Instructions for Using Pheromone-Baited Traps for European Corn
During the past several years Pennsylvania has used pheromone lures to monitor the 3 "worm" pests of sweetcorn: European corn borer, corn earworm and the fall armyworm. Proper monitoring allows growers to increase spray frequency when populations are high and decrease spray frequency when populations are low. Using trap counts to adjust spray frequency results in fewer total sprays, offering benefits in terms of dollar savings on pesticide, reduced residues and time saved by not spraying.
A complete monitoring site will have one of each of the following traps:
- Wire cone trap for European corn borer E strain. (also known as the New York strain)
- Wire cone trap for European corn borer Z strain. (also known as the Iowa strain)
- Wire cone trap for Corn earworm.
- Bucket trap for the Fall Armyworm.
Using Pheromone Traps
The wire cone traps are made from ¼" aluminum wire mesh. They get their name from the inverted cone shape. The wire cone trap is designed to sit upon a piece of rebar hammered into the ground. As their name implies bucket traps resemble a small water pail. These traps are available in all colors although research has suggested that tricolor (yellow, green and white) traps function the best for fall armyworm. The bucket traps are designed to hang from a wire trestle.
All traps should be located adjacent to corn fields and have about 5 feet of clearance around them. Traps baited for European corn borer should be near weeds.
Traps need to be properly labeled before inserting the pheromone lure. Some agents prefer to mark traps directly while others use detachable tags.
Traps need to have a fresh pheromone lure inserted every two weeks. Each lure is labeled ECBe European cornborer e-strain, ECBz European corn borer z-strain, CEW corn earworm or FAW fall armyworm. Be sure to use the correct lure in the appropriately labeled trap. Prior to use, pheromone lures should be stored in the refrigerator.
a. For wire cone traps (European corn borer-e and z strains, and the corn earworm) affix the pheromone lure to the small piece of guide wire at the center of the trap. The guide wire comes off the bolt on the main support arm. The lures for European corn borer have a column shape with small holes in both ends. The guide wire can be inserted into the smaller of these holes. In windy areas the lures may need to be secured with an alligator or document-binding clip. The fall armyworm lures are small flat strips. These lures will need to be affixed to the guide wire using a paperclip, alligator clip, or document-binding clip. Before completion, ensure that the lures are properly secure.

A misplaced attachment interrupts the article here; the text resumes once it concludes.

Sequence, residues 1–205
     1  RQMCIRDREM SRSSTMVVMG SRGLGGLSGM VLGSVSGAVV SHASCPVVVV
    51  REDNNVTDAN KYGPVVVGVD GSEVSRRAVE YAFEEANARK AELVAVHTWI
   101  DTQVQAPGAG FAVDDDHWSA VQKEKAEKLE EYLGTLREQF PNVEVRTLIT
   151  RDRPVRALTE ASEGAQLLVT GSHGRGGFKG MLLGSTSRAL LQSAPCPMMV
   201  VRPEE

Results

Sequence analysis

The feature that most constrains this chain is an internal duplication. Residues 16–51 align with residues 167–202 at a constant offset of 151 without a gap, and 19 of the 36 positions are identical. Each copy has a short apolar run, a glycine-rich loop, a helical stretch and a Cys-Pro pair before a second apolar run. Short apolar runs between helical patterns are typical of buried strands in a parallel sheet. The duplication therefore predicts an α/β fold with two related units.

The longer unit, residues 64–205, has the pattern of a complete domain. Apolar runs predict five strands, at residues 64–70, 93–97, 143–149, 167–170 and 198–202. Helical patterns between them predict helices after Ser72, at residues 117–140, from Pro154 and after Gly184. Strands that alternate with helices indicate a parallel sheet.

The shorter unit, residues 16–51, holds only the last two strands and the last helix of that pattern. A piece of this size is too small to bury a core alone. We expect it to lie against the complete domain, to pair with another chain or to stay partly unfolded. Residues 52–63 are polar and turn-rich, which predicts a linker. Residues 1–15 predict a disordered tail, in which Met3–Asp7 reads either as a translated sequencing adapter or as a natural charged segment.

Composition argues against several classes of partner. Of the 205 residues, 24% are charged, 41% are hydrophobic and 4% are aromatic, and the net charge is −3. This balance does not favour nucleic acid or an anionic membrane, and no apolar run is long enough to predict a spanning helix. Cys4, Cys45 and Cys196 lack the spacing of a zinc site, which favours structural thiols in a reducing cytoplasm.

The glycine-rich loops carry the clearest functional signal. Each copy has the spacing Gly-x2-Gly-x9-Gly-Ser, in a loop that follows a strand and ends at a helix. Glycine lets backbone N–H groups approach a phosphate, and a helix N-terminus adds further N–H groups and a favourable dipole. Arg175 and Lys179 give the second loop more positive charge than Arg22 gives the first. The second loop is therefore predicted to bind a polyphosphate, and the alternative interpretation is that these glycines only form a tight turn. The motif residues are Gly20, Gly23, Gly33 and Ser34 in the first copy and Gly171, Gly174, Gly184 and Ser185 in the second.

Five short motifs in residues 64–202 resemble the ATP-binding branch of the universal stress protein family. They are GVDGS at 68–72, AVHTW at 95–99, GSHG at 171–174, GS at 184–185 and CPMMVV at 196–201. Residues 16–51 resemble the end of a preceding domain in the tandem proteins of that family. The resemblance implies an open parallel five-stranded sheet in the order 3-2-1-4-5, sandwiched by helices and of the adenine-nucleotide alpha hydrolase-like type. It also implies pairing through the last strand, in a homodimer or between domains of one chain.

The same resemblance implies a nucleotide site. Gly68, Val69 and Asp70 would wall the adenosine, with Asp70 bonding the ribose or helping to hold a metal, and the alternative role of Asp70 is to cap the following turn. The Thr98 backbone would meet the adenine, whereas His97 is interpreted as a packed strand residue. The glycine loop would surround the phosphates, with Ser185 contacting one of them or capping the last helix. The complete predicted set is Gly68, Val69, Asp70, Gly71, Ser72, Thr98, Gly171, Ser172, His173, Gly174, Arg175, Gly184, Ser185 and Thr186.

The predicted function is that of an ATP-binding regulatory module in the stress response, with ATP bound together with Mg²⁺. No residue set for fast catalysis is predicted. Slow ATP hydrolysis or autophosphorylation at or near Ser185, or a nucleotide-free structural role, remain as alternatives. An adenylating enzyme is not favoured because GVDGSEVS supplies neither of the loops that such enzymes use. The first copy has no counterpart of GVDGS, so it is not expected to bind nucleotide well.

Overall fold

b. Bucket traps have a built in receptacle for storing the pheromone lure. This receptacle is covered with a small yellow cap. Remove the cap and insert the lure into the receptacle.
Traps need to be monitored every Monday and data reported by Monday afternoon. Empty the moths onto a clean flat surface and count. To avoid confusion it is best to completely finish counting one trap before starting another.
a. Wire cone traps: Unclip the two springs on either side of the containment canister. Lower the canister into a comfortable position and twist off the end cap. Invert the canister and distribute the contents onto a clean flat surface. Count and record the number of moths.
b. Bucket traps: disconnect the white bucket and gently invert the bucket onto a clean flat surface. Before counting inspect the moths for any non-target captures.
Checking the fall armyworm moths for any non-target captures:
Check the fall armyworm moth catch against the linked document to ensure that they are fall armyworm and not one of the look-a-like species. Armyworm Factsheet.
Reporting the Data:
It is important to report data promptly even if no moths are captured. A true zero is different than a no-report. A zero means that there are no moths. A no-report means that we don't know how many are present.
Contact Shelby Fleischer (firstname.lastname@example.org) (814-863-7788) for specific infomation on reporting procedures
Data can be entered online at http://www.pestwatch.psu.edu/ by clicking on the input data link on the sweetcorn monitoring site. Contact Shelby Fleischer to set up a password.
Length of the program:
Traps will be set out in late May and reporting begins in early June. The season will run for 17 weeks.
Getting your questions answered:
If you have any questions please contact Shelby Fleischer at 814-863-7788. Email: email@example.com
This document is intended to be used as supplemental material for a training presentation.
Pesticides are poisonous. Read and follow directions and safety precautions on labels. Handle carefully and store in original labeled containers out of the reach of children, pets, and livestock. Dispose of empty containers right away, in a safe manner and place. Do not contaminate forage, streams, or ponds.
Authored by: Shelby Fleischer, Professor
March 2002 Reviewed February 2004
Penn State College of Agricultural Sciences research, extension, and resident education programs are funded in part by Pennsylvania counties, the Commonwealth of Pennsylvania, and the U.S. Department of Agriculture.
Visit Penn State Extension on the web: http://extension.psu.edu
Where trade names appear, no discrimination is intended, and no endorsement by Penn State Cooperative Extension is implied.
This publication is available in alternative media on request.
Penn State is an equal opportunity, affirmative action employer, and is committed to providing employment opportunities to minorities, women, veterans, individuals with disabilities, and other protected groups. Nondiscrimination.
© The Pennsylvania State University 2017